Putting the Brakes on 18 Wheeler Accidents: Crash Avoidance Systems Should Be Required on New Big Trucks, Safety Coalition Says

by | Apr 21, 2015 | Truck Accident

Our Oklahoma truck accident attorneys report on truck crash avoidance systems.
Many serious accidents involving tractor trailers occur because truck drivers don’t anticipate accident situations in time to react and avoid a crash. A coalition of highway safety group wants the federal government to require truck manufacturers to add the latest crash avoidance technology to new tractor trailers.

Four groups—Advocates for Highway and Auto Safety, The Truck Safety Coalition, the Center of Auto Safety, and Road Safe America filed a petition with the National Highway Traffic Safety Administration asking it to start the rulemaking process for requiring forward collision avoidance and braking systems on all new trucks and buses with a gross vehicle weight of 10,000 pounds or more.

An average of 4,000 people are killed and nearly 100,000 are injured every year in crashes involving tractor trailers, semi-trucks, flatbeds, and other 18 wheelers, according to the coalition’s statement. The accident toll is rising with deaths up 16 percent and injuries up 40 percent since 2009.

Oklahoma has seen an increasing number of large truck accidents with 112 fatalities in 2013, according to the NHTSA. In addition, Oklahoma is among the states with the highest share of truck accidents. Thirteen percent of fatal crashes in the state involved tractor trailers in a recent year, according to the Federal Motor Carrier Safety Administration.

On April 3, the driver of a semi trailer was killed and a pedestrian who tried to rescue the truck driver was seriously injured after one tractor trailer travelling north on I-35 near Stillwater struck another large truck that was parked on the shoulder of the interstate, causing a fire and explosion.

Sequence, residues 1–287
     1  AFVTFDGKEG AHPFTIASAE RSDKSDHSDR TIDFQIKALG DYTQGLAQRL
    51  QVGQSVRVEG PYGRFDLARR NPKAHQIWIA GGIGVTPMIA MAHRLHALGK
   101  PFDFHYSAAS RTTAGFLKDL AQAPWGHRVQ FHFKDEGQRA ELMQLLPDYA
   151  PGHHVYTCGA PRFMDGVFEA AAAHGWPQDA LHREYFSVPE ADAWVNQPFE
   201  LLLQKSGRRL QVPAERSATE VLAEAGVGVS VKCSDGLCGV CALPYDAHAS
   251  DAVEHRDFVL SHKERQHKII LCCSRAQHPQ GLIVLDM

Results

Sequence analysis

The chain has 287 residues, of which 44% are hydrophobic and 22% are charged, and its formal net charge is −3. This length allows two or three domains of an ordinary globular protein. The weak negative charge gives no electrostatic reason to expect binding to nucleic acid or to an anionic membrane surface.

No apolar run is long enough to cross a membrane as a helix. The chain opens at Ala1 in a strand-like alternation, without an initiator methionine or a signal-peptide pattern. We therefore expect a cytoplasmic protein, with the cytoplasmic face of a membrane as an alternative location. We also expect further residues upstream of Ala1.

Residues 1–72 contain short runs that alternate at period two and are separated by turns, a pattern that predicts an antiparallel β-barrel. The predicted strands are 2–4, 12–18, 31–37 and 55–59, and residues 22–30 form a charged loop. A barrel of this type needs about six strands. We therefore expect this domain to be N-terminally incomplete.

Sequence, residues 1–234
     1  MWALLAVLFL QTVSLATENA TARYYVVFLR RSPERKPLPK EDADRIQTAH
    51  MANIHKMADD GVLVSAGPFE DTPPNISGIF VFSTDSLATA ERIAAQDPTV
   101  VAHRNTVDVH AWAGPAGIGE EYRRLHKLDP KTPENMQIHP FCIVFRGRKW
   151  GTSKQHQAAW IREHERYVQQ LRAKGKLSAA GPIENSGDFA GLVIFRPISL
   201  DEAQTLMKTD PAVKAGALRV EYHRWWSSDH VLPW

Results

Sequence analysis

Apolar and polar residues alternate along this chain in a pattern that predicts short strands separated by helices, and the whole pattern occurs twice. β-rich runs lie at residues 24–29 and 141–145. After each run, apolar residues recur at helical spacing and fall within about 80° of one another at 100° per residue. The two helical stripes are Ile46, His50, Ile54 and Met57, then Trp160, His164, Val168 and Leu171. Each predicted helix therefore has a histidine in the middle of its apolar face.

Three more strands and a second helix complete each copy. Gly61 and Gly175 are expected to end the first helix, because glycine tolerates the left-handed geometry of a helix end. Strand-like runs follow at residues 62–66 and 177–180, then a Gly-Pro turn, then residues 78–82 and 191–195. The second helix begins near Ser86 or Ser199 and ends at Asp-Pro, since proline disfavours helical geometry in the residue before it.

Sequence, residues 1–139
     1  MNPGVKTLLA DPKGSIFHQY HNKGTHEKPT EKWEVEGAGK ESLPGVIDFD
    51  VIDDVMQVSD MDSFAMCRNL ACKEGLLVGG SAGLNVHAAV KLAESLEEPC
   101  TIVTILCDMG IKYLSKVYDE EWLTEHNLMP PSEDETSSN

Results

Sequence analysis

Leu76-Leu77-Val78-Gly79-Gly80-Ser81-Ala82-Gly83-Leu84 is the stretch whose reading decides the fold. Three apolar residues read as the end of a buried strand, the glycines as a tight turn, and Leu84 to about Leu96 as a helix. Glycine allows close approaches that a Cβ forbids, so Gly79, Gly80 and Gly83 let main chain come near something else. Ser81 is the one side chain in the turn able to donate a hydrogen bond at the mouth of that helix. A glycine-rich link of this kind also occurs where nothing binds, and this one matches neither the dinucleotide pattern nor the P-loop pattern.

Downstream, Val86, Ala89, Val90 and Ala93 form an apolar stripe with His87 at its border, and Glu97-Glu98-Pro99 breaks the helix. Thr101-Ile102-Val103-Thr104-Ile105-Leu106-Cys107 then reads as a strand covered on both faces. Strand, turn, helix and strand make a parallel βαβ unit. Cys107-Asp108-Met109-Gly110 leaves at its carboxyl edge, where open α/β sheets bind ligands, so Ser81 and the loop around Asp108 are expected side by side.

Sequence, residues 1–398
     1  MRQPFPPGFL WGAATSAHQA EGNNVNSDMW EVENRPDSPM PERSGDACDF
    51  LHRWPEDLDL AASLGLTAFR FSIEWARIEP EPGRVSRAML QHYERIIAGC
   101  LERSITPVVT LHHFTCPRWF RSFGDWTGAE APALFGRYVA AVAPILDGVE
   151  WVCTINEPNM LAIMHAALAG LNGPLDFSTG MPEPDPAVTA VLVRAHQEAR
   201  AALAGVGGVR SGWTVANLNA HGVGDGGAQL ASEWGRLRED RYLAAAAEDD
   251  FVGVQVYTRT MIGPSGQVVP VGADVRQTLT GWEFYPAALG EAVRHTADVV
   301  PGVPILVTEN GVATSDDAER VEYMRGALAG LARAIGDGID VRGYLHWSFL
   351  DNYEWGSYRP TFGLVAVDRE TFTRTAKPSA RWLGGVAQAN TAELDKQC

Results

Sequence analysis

Safety Technology Available to Reduce Truck Accidents

The advocacy groups petitioning the federal government say the forward collision avoidance and mitigation braking (F-CAM) systems currently available would prevent many crashes involving large trucks and buses, especially rear end collisions.

The technology employs radar and sensors to warn drivers when the truck is drawing too close to a vehicle stopped in the roadway or traveling slower just ahead. This gives the driver an opportunity to apply the brakes. In the case of an imminent crash, the brakes are automatically applied to prevent a crash or at least reduce the damage.

The NHTSA estimates that the current generation of crash avoidance systems would avert more than 2,500 wrecks annually and that future systems could stop 6,300 crashes.

While most manufacturers of big trucks offer an optional version of F-CAM systems, no national standards exists and many trucking companies aren’t taking advantage of the safety technology. As a result, only three percent of some three million tractor-trailers have this crash avoidance technology.

Stark Results

Road Safe America co-founder Steve Owings lost his son Cullum when a speeding tractor-trailer crashed into his vehicle from behind as he was stopped in traffic. The trucker didn’t hit the brakes until he was within 100 feet of the stopped traffic.

The safety advocates contend that requiring airbags and electronic stability control systems as standard equipment in passenger cars improved safety and that requiring crash avoidance systems is the best way to reduce big-truck crashes.

As truck accident lawyers who have seen the devastation that trucks accident can cause Oklahoma families, we support efforts to make our highways and communities safer.  We understand the dangers of trucking and the many ways that truck accidents occur. We are committed to holding truck drivers and trucking companies accountable when their disregard for public safety causes accidents.